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Thou also, son of man, take thee a tile, and lay it before thee, and pourtray upon it the city, even Jerusalem:
Take thee a tile - a sun-dried brick, such as are found in Babylon, covered with cuneiform inscriptions, often two feet long, one broad.
And lay siege against it, and build a fort against it, and cast a mount against it; set the camp also against it, and set battering rams against it round about.
Build a fort against it - rather, a watch-tower (Jeremiah 52:4) wherein the besiegers could watch the movements of the Besieged (Gesenius). A wall of circumvallation (The Septuagint and Rosenmuller). A kind of battering-ram Maurer). The first view is best.
A mount - wherewith the Chaldeans could be defended from missiles.
Battering-rams - literally, through-borers. In Ezekiel 21:22 the same Hebrew is translated "captains."
Moreover take thou unto thee an iron pan, and set it for a wall of iron between thee and the city: and set thy face against it, and it shall be besieged, and thou shalt lay siege against it. This shall be a sign to the house of Israel.
An iron pan - symbolically representing the divine decree as to the Chaldean army investing the city.
Set it for a wall of iron between thee and the city - Ezekiel, in the person of God, represents the wall of separation decreed to be between him and the people as one of iron, and the Chaldean investing army, His instrument of separating them from him, as one impossible to burst through.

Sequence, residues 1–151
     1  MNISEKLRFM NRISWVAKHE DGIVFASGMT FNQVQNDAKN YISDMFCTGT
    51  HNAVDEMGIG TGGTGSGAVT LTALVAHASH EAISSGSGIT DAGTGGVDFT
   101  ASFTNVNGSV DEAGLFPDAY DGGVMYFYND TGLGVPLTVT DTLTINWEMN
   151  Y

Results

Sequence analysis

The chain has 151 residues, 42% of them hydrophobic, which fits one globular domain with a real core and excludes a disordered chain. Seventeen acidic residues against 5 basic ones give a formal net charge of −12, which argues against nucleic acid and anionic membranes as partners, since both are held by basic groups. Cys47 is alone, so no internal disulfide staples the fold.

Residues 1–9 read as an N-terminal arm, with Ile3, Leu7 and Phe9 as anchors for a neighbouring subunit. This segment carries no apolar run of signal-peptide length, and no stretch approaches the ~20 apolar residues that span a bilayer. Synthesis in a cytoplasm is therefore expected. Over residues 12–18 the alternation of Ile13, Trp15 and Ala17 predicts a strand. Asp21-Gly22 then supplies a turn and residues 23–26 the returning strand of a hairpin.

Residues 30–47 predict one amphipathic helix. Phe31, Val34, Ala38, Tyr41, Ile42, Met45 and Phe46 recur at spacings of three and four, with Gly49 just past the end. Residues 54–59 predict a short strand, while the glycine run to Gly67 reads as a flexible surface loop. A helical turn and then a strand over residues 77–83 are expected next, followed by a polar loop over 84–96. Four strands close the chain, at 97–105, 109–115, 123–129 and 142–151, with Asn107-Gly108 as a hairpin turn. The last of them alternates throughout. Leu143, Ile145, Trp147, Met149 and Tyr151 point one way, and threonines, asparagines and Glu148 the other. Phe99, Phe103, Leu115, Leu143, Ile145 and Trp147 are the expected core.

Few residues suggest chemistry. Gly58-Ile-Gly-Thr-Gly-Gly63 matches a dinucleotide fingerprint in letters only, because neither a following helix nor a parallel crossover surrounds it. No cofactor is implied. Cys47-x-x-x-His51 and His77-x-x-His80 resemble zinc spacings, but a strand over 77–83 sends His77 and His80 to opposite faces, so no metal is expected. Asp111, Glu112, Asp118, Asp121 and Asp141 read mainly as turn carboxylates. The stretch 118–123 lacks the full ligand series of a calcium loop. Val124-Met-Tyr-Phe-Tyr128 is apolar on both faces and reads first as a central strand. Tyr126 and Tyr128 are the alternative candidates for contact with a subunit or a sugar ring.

Set thy face against it - inexorably (Psalms 34:16). The exiles envied their brethren remaining in Jerusalem; but exile is better than the straitness of a siege.
Lie thou also upon thy left side, and lay the iniquity of the house of Israel upon it: according to the number of the days that thou shalt lie upon it thou shalt bear their iniquity.
Lie thou also upon thy left side - another symbolical act, performed at the same time as the former, in vision, not in external action, wherein it would have been only puerile: narrated as a thing ideally done, it would make a vivid impression. The second action is supplementary to the first, to bring out more fully the same prophetic idea.
Left side - referring to the position of the ten tribes, the Northern Kingdom; as Judah, the Southern, answers to "the right side" (Ezekiel 4:6). The Orientals, facing the East in their mode, had the North on their left and the South on their right (Ezekiel 16:46). Also, the right was more honourable than the left; so Judah, as being the seat of the temple, was more so than Israel.
According to the number of the days that thou shalt lie upon it, thou shalt bear their iniquity - iniquity being regarded as a burden; so it means, "bear the punishment of their iniquity" (Numbers 14:34). A type of Him who was the great sin-bearer, not in mimic show, as Ezekiel, but in reality (Isaiah 53:4; Isaiah 53:6; Isaiah 53:12).